On a day when lawmakers had to battle snow and ice to reach the Capitol, the climate inside the building was only marginally less icy.
In the wake of new lawsuits naming Senate President Peter Courtney (D-Salem) for allegedly failing to protect women from harassment, and media coverage of his similar record at Western Oregon University, Courtney's allies are making shows of support for the man who has presided over the Legislature's senior chamber since 2003.
This morning, Sen. Elizabeth Steiner Hayward (D-Portland) penned an Oregonian op-ed defending Courtney. Steiner Hayward, who along with Sen. Sara Gelser (D-Corvallis) complained in 2016 of sexual harassment at the hands of former Sen. Jeff Kruse (R-Roseburg), wrote that Courtney's handling of her complaints was superb.
"Courtney found every way he could to hold Kruse accountable," Steiner Hayward writes. "Courtney didn't make statements. He didn't take to the podium. He took action. In fact, he did the unprecedented. Within 24 hours of my reporting Kruse's latest unwanted behavior President Courtney stripped him of all committee assignments."
By writing the op-ed, Steiner Hayward, whom Courtney named to the powerful position of co-chair of the budget-writing Joint Ways and Means Committee this session, put distance between herself and the two senators who have been most critical of Courtney's approach to sexual harassment, Sens. Sara Gelser (D-Corvallis) and Shemia Fagan (D-Portland).
Meanwhile, two of Courtney's longtime allies, Senate Majority Leader Ginny Burdick (D-Portland) and Sen. Lee Beyer (D-Springfield), reportedly circulated a letter of support for Courtney, which they asked other senators to sign. (A spokesman for the Senate Democrats didn't immediately respond to a request for a copy of the letter.)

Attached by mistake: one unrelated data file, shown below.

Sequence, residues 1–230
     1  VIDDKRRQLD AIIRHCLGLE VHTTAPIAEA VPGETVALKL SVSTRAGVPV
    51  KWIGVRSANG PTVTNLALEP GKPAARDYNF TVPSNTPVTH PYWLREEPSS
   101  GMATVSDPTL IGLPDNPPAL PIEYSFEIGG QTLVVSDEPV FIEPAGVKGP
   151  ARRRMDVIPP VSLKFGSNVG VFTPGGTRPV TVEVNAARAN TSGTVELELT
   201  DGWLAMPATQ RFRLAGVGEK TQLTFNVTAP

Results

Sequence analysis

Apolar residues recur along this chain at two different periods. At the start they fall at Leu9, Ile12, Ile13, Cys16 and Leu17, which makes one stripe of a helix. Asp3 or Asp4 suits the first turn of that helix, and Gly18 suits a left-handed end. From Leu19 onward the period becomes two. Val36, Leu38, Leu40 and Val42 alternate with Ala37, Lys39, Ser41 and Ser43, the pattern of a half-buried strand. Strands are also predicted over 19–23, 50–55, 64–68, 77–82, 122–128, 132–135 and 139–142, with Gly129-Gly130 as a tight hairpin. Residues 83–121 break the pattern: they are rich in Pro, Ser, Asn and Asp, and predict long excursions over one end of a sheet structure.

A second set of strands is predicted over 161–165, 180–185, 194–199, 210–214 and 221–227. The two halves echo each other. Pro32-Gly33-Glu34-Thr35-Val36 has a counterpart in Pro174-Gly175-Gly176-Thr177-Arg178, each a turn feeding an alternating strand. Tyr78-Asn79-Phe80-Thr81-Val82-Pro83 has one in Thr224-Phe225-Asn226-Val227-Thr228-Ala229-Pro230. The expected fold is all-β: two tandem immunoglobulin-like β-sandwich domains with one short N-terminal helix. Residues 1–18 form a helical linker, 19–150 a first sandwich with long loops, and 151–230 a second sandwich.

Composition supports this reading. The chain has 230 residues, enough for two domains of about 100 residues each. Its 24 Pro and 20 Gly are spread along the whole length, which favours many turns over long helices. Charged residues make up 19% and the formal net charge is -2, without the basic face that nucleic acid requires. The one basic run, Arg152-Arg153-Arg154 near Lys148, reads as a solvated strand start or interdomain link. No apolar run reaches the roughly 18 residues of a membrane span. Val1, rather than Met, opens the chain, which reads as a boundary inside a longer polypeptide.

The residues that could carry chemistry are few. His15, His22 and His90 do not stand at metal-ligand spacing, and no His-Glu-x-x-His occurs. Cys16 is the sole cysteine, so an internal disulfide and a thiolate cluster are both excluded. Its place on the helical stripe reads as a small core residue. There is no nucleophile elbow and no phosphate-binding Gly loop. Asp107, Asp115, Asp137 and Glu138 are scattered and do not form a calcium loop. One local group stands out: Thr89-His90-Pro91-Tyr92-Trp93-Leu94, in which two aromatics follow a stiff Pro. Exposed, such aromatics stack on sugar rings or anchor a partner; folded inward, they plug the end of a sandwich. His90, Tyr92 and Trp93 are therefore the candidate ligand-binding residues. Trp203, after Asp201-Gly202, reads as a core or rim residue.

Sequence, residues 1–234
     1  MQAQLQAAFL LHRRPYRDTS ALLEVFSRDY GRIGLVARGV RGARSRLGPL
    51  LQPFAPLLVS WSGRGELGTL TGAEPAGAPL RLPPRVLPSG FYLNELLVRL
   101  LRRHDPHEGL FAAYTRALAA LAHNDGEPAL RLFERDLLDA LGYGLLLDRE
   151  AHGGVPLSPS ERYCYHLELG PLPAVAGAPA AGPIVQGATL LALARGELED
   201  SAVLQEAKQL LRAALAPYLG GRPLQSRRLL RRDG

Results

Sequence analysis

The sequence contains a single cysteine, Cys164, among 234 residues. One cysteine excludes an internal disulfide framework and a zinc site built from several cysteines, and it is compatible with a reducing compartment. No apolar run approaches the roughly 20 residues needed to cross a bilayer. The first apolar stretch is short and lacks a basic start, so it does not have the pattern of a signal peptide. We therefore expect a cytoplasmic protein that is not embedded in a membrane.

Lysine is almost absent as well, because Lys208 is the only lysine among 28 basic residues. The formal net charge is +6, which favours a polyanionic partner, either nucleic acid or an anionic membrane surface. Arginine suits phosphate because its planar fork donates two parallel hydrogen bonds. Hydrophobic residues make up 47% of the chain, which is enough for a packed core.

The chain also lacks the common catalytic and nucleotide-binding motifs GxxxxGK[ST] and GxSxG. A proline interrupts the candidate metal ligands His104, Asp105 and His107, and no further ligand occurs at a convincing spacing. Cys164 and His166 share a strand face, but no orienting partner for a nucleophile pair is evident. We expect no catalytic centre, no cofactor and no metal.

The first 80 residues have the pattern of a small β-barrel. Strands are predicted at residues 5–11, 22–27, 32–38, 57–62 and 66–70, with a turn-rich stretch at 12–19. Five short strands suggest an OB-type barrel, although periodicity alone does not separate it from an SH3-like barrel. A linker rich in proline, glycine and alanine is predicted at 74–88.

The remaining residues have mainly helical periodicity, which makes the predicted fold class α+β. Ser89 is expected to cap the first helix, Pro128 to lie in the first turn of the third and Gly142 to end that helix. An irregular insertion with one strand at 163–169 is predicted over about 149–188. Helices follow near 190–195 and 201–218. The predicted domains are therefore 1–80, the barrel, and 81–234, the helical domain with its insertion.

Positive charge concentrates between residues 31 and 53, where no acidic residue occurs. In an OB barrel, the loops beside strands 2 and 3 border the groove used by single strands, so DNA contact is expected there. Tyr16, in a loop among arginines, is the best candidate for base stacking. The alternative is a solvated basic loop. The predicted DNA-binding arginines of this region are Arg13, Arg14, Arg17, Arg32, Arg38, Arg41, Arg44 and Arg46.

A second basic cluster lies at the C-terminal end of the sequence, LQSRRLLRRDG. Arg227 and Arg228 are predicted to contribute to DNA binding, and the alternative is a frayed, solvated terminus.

At least one Democratic senator pushed back on the letter in an email to Burdick.
"My view is that this tactic, which doesn't allow us to share and learn from one another's insights in a what that would produce the strongest, most effective position going forward, and which feels a bit like an up-or-down loyalty test that doesn't reflect the nuances of the current situation, is not as constructive as other options might be," Sen. Jeff Golden (D-Ashland) wrote today.
Golden requested a two-hour caucus meeting devoted solely to Courtney.
"Given the pressure building up around this issue, and the magnitude of damage that potential outcomes could do to our policy agenda this session, I respectfully ask that scheduling an unhurried all-caucus conversation in the immediate future be given the highest priority," he wrote.